The Vanished Wilderness of Childhood
"Art is a form of exploration, of sailing off into the unknown alone, heading for those unmarked places on the map. If children are not permitted—not taught—to be adventurers and explorers as children, what will become of the world of adventure, of stories, of literature itself?"
Michael Chabon mourns the loss of freedom for today's over-protected children in a wonderful article for the New York Review of Books. Read the whole thing here.
This chimes with thoughts that have been bothering me a lot lately, not just as a author struggling to make space for fictional children to have adventures, but as a mother who would love her children to grow up independent, resilient and confident in their world. (See also Free Range Kids.)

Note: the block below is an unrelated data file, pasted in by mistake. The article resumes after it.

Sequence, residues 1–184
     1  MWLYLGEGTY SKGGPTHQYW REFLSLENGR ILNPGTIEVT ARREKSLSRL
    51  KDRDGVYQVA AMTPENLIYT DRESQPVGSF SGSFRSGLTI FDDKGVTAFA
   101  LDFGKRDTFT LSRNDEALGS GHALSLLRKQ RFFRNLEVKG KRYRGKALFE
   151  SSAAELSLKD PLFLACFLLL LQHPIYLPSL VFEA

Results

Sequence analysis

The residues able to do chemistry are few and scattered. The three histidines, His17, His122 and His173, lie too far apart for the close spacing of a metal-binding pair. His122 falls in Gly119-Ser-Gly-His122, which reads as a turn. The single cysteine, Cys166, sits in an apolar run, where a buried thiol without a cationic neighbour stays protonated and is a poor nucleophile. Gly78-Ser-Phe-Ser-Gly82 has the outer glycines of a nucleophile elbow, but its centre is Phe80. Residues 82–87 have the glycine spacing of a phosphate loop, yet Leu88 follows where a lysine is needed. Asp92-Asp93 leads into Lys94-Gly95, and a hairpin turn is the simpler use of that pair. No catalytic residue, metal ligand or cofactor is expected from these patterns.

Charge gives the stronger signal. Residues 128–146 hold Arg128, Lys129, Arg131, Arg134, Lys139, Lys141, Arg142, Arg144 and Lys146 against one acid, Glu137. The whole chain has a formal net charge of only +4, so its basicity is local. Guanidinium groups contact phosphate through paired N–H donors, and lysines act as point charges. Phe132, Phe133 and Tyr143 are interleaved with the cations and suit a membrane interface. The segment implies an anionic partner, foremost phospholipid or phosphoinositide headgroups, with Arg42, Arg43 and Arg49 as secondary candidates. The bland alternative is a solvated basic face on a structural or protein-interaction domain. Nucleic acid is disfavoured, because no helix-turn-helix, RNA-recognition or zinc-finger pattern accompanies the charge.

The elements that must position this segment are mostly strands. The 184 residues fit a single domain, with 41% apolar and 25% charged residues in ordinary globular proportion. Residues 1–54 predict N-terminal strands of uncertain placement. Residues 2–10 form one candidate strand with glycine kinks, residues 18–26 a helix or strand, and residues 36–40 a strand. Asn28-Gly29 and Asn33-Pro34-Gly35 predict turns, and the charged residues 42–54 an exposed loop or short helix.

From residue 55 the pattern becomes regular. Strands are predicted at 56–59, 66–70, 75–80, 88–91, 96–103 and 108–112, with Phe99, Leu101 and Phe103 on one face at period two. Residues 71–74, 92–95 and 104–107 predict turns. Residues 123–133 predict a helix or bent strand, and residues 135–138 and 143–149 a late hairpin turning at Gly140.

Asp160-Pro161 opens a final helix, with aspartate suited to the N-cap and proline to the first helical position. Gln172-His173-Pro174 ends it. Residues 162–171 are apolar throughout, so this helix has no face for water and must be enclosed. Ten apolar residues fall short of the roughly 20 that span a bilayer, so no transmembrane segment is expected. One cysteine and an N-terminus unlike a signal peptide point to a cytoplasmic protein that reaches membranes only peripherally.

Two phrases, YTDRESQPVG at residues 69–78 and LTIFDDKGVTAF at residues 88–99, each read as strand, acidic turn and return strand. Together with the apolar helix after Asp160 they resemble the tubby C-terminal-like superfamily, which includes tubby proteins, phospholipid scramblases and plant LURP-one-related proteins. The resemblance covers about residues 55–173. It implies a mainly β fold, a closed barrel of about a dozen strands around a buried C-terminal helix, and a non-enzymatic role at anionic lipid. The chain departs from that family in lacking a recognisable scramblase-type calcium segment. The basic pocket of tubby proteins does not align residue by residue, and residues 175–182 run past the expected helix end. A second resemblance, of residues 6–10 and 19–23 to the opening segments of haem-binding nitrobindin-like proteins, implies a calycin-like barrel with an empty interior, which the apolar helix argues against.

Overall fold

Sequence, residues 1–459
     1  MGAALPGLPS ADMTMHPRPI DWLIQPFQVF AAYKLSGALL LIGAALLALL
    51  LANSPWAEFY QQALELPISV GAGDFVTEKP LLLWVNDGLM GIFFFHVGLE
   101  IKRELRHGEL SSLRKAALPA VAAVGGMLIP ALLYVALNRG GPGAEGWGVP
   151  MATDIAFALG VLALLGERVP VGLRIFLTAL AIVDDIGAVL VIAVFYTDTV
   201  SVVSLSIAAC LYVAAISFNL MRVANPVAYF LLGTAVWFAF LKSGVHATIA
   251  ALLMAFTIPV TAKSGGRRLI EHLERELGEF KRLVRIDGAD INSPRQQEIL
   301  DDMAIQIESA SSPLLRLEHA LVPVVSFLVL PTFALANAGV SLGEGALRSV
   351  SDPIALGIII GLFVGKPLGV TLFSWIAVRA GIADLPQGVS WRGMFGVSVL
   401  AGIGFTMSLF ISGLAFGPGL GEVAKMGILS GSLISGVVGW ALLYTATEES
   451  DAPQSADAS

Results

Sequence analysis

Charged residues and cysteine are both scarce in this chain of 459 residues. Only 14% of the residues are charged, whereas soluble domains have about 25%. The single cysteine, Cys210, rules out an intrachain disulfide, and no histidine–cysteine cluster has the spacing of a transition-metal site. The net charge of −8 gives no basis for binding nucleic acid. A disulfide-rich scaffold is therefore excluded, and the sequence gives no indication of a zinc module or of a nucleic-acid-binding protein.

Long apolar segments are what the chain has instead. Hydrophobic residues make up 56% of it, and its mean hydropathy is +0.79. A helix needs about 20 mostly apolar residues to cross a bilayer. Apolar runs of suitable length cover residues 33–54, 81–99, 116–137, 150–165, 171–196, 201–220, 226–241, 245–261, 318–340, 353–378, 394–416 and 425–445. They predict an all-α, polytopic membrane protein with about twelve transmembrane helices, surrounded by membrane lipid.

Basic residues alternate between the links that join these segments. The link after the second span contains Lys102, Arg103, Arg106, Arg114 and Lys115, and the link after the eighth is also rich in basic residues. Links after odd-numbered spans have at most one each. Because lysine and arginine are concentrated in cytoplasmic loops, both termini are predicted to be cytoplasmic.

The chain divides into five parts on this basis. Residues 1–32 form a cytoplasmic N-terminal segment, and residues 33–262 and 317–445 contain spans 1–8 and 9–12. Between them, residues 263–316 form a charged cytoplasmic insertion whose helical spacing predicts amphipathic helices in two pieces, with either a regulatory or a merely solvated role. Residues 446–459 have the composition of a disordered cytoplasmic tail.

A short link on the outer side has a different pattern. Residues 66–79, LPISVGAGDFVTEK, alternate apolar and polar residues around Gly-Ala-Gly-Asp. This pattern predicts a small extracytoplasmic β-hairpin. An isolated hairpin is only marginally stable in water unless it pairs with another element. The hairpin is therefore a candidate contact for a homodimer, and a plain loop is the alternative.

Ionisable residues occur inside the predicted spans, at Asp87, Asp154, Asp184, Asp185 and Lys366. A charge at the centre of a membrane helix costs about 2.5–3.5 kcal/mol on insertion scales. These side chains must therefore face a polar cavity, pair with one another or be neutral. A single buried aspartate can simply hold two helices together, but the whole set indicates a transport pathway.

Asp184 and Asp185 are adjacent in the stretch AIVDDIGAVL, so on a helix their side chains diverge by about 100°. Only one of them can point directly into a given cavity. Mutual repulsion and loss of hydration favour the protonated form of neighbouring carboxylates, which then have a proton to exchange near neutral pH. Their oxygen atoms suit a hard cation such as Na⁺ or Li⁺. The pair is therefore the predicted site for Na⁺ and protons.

We're lucky that our local school is literally over our back fence; Alice can, and sometimes does, walk home around the corner alone. But the last time she did it, she was stopped and questioned by a (no doubt well-meaning) teacher. Alice is small for her age, but she is in Grade 2, and she has only to walk round the corner of the block; there are no roads to cross. She had asked to walk home by herself. She was so proud of her independence, and as a solitary child, relished the few minutes of private time between school and home.
But since she was stopped and interrogated, she hasn't walked home alone; she wants me to walk her home every day. This tiny morsel of freedom and achievement has been spoiled for her, and that makes me so sad.